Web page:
Grant Readiness Challenge: Day 21: Start with a Blank Page

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Is a blank screen or document daunting to you? How do you approach the beginning of a new proposal? A best practice is to customize each proposal to each funder. This might not be as overwhelming as it seems. There is very little consistency between funders and their proposal requirements. I tend to create a new proposal for a new funder in three stages:

First, I read the funder’s eligibility guidelines and application criteria. I highlight areas of note and key words. In this same stage, I open and read through a funder’s entire application. The more familiar I am with the approach the funder requires, the easier it is for me to write.

Second, I open a document and create my working draft. I create an application template with all the application headings and questions. If character counts are given, I place them at the end of every question. Now, I have in my mind, both the funder eligibility guidelines and a unique application working draft.

Third, I build my narrative for this funder and its application. I’ll have at my ready, in cloud storage, all my nonprofit organization background materials: mission, vision, history of the organization, strategic plan and budget, project plan and budget, metrics and potential inputs and outcomes. I use a second monitor so I can weave transcribed details from my NPO documents into my specific narrative. I build each proposal one question at a time, with a fresh story that will catch this funder’s interest. If any application areas are missing pertinent information, I highlight them. I either reach out to the team member with the information or conduct some research myself as needed to fill the gaps.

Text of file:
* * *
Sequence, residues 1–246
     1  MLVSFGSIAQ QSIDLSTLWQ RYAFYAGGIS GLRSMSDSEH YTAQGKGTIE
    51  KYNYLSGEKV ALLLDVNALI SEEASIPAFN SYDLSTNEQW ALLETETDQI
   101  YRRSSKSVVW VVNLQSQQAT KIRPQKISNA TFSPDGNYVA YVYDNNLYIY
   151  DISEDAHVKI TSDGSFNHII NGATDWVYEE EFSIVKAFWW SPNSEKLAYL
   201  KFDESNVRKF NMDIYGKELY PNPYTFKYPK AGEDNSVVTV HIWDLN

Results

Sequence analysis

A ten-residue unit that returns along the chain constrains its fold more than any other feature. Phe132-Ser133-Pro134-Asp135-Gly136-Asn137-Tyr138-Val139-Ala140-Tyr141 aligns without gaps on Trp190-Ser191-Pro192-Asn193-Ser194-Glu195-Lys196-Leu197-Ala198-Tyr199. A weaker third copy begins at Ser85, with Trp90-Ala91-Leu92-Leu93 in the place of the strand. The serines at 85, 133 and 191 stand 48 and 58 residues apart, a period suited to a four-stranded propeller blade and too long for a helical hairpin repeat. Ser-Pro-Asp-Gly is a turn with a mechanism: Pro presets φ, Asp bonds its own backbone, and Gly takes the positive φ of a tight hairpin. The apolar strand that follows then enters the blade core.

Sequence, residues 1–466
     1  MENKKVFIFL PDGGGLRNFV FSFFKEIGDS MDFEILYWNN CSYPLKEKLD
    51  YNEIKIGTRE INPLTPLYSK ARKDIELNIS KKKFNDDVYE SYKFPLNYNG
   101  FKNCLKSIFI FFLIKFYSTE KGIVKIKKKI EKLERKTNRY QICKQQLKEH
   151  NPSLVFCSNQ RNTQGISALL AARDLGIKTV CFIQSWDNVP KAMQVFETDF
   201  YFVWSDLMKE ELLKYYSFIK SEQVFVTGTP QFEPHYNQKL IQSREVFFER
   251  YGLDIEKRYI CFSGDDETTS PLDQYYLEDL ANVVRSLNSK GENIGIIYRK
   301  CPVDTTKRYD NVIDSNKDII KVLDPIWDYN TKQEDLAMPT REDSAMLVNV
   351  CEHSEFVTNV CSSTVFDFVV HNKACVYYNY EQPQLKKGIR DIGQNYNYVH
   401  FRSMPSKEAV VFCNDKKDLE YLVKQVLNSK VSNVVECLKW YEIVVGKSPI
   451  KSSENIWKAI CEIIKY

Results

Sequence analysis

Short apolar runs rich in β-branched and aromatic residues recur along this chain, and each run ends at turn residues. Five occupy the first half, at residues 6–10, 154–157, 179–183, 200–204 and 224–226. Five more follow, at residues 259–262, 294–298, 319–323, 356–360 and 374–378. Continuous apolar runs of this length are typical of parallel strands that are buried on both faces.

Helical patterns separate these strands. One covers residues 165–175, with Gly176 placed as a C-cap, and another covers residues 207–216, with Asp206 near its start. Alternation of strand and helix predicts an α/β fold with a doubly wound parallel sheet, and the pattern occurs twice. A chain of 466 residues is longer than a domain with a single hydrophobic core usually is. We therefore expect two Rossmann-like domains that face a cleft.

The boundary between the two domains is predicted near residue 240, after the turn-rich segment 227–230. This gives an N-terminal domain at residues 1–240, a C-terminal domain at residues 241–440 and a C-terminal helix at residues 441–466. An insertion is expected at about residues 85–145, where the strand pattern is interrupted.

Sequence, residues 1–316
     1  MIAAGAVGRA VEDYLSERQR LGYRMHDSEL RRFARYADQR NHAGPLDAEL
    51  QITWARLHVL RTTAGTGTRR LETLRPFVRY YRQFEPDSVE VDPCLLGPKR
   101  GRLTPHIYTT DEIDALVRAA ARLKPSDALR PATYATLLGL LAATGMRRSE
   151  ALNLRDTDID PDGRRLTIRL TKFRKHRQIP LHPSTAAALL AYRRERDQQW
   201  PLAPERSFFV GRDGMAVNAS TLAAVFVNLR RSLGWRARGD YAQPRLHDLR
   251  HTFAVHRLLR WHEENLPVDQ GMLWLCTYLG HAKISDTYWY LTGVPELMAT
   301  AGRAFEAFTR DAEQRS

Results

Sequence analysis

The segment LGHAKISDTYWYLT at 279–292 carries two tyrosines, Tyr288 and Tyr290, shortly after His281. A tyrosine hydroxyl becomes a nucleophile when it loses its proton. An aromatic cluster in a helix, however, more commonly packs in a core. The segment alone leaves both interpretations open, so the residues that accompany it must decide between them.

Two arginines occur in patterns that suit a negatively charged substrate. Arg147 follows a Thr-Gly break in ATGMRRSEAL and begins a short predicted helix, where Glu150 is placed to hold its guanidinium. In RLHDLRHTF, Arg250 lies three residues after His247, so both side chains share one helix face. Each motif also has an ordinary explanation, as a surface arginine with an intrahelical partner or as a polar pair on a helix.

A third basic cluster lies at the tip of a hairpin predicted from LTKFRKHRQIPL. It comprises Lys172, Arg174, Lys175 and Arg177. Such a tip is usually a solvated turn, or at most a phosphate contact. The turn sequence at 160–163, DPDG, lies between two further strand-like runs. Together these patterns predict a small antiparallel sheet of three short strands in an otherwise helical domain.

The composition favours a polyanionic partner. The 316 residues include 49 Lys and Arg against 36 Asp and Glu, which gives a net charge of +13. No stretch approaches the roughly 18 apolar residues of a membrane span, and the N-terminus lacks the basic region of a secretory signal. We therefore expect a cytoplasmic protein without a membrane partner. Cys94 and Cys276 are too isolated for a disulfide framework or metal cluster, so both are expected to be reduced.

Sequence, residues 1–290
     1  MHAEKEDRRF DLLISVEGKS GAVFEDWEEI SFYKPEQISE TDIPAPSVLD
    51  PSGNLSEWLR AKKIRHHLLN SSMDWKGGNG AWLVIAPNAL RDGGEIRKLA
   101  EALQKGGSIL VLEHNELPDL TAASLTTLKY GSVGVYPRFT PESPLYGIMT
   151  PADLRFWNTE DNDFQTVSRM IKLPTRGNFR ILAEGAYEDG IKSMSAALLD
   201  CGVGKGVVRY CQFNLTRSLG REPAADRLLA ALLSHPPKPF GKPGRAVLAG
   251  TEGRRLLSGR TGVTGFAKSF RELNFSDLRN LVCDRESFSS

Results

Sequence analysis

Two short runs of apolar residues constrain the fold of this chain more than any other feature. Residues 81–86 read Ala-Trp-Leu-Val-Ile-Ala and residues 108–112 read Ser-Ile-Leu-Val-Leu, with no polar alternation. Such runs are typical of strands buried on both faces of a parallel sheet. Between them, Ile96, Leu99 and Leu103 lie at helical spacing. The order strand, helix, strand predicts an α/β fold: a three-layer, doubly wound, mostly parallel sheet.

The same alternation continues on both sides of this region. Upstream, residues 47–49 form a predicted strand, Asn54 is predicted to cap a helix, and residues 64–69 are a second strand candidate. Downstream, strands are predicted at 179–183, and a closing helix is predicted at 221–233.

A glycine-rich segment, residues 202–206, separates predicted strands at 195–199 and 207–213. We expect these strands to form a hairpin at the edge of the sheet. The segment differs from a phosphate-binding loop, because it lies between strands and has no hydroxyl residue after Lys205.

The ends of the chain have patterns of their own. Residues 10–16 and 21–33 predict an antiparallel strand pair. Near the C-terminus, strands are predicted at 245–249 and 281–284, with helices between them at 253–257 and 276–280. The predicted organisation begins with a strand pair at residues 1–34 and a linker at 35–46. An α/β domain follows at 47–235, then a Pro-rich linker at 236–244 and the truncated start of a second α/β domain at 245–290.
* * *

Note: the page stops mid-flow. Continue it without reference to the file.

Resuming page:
To me, a new application is not daunting, it’s a new story to craft. There is so little consistency of criteria between different funders’ applications that I start each narrative with a blank document and build it into a free-standing story. Each narrative is a unique blend of writing about a project that matches the funder’s criteria. Even a funder’s required budget format varies from a nonprofit organization’s, so I build budgets in the same format as narratives.

I never have a blank screen for long. Building an application one step at a time from my own working template reduces potential writer’s block and increases the chances of producing a fresh application.

 

Don’t forget to share your journey on the 30 Day Grant Readiness Challenge by using the hashtag #grantreadiness on your posts and updates on social media.

Did you miss the launch of the 30 Day Grant Readiness Challenge? It isn’t too late for you to start! It’s free and you can sign up at any point and it will start you back on Day 1!

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